Speaking of MOOCs

I came across this article today.

We’re still in the infant stage of MOOCs.  From the article, at least most MOOCs are not offered for credit, so the utility for someone aiming for a degree would be to get a leg up on learning the material they would cover in a for-credit class.  But it’s easy to see administrators taking the step of using MOOCs, or perhaps a form of them, as a means of reducing headcount in order to save money.

Of course, making MOOCs for credit means less cost for students (and their parents) as well.  Speaking as someone who recently had two kids complete their education, anything that reduces cost on the consumer end is going to be popular.  That’s another aspect of the economics that we haven’t addressed yet.  With cost of a university education increasing each year, there will be pressure to reduce those costs in order to prevent a university education from becoming something only wealthy families can access.

What do you think?

6 comments

  1. I take at least one on-line course every “semester”. These are great for aging people like me who want to keep exploring ideas, learn new skills, and who think of learning as part of what makes us human. Plato thought that folks could not really study philosophy until they were 30, yet for most of we are 8 years out of school by then. Online learning lets hundreds of thousands of us follow Plato’s advice. MOOCs and iTunes University are as great an advance in education as the invention of the university itself.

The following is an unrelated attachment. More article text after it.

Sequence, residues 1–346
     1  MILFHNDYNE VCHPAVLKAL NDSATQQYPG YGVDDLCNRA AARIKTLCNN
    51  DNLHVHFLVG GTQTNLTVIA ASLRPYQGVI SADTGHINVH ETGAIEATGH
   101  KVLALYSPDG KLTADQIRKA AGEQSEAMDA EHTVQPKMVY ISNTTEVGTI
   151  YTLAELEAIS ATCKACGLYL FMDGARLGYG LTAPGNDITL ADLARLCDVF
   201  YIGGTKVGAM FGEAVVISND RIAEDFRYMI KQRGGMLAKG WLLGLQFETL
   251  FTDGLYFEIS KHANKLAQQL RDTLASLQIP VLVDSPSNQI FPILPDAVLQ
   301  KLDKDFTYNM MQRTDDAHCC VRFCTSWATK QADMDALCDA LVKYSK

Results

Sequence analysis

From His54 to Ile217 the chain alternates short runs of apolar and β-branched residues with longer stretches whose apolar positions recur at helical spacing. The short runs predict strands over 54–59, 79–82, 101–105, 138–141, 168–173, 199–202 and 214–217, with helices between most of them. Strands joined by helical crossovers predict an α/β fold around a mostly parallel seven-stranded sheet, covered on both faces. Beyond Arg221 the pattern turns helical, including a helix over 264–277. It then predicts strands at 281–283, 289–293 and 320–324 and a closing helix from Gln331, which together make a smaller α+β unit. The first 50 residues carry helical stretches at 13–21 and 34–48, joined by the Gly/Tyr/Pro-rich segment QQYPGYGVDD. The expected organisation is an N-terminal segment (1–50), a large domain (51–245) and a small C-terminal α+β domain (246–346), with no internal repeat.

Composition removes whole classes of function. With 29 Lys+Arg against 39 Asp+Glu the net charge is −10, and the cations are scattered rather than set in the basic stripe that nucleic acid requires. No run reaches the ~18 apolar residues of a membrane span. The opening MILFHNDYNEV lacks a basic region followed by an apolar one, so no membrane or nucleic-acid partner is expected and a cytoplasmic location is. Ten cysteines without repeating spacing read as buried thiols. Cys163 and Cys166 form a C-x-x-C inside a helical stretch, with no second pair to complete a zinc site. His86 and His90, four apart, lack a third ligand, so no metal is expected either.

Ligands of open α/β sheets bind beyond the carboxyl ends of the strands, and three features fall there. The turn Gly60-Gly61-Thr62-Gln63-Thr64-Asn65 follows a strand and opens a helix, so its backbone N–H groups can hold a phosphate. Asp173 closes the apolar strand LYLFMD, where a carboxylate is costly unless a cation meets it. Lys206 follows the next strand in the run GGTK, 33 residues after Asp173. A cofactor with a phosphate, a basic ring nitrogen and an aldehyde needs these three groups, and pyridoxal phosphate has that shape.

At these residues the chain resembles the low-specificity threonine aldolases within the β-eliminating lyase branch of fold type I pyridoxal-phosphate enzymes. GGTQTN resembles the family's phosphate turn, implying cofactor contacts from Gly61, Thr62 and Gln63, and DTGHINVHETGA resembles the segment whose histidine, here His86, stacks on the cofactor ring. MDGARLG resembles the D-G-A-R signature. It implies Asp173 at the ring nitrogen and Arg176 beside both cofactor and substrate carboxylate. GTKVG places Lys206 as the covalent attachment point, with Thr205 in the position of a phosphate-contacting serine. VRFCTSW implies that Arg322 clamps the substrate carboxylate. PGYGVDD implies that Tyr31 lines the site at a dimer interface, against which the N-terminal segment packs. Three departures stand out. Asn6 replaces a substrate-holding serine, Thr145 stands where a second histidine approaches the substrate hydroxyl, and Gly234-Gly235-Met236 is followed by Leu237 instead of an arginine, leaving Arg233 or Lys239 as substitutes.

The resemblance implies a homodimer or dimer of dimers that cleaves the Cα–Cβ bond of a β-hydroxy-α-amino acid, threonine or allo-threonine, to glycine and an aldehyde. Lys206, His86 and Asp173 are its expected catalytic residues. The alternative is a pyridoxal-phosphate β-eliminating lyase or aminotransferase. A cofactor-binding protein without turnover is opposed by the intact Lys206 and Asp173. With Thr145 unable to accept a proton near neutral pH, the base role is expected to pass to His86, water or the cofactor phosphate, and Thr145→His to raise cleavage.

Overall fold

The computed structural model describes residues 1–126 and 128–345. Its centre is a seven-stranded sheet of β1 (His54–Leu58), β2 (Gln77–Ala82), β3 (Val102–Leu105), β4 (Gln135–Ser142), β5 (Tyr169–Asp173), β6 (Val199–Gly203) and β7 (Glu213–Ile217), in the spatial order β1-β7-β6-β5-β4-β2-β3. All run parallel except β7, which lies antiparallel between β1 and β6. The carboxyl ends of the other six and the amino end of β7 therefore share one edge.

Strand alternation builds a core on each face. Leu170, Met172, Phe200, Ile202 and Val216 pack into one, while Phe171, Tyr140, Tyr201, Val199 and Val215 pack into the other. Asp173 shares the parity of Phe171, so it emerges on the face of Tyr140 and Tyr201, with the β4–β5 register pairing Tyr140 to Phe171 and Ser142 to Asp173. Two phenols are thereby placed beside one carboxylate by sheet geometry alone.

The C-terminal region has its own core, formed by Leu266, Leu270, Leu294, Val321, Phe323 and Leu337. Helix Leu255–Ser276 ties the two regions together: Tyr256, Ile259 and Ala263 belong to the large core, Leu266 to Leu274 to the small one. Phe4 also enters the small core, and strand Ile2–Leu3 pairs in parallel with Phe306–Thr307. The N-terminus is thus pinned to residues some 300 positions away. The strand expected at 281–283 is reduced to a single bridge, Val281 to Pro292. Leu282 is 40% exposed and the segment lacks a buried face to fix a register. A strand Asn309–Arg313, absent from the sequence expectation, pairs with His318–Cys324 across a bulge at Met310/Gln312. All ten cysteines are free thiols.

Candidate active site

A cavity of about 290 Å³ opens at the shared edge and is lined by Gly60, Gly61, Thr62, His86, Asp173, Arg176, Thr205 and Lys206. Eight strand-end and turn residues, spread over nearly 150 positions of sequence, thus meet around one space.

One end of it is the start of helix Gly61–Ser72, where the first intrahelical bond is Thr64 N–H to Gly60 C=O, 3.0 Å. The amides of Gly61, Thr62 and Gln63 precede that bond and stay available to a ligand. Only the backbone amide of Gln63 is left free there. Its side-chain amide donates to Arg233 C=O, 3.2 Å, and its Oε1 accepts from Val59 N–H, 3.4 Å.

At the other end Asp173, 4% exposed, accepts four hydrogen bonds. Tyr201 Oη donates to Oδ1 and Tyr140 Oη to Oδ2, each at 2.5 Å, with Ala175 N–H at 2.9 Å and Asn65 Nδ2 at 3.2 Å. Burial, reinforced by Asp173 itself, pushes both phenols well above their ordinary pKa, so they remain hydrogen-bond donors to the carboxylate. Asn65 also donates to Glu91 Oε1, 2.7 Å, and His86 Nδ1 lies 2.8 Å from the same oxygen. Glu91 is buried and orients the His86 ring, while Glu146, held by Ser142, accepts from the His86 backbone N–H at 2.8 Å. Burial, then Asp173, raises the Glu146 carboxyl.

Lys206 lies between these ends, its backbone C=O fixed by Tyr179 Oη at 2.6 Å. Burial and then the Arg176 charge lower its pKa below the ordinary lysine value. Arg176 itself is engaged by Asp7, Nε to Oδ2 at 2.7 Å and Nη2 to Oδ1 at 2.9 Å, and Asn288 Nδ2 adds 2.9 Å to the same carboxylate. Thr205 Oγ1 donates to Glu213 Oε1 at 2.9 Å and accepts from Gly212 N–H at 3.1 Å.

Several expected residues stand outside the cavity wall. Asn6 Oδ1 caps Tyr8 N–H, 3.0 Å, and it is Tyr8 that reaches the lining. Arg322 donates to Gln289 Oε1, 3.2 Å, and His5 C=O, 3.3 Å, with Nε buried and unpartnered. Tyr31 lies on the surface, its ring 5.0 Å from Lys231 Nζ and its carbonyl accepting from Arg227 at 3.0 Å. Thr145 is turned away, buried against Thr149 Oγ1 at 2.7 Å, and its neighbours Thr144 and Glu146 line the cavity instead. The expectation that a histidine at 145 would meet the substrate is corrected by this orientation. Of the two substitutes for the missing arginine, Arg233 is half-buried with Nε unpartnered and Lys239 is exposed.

1. I agree with you on their utility for us lifelong learners, Pat. I have a few Teaching Company courses on DVD that I purchased because I can always refer to them. A MOOC is great for me to just learn something and not worry about grades or GPA or taking out another mortgage to pay tuition. The problem comes in when cost-cutting administrators want to cut heads and rely more on MOOCs.

  2. Al, as someone who teaches two courses at Hofstra Law School, one with 40 students and one with 8, I know the benefit to students of live interaction with a professor. If nothing else, the terror that I might call on them keeps them reading! However, I have also sat in class with 200-plus other students for various undergrad intro courses and I see little advantage in most of them over a video.

    1. I read you, Pat.

    1. Good summary and a lot of info. Thanks, Jimmy.

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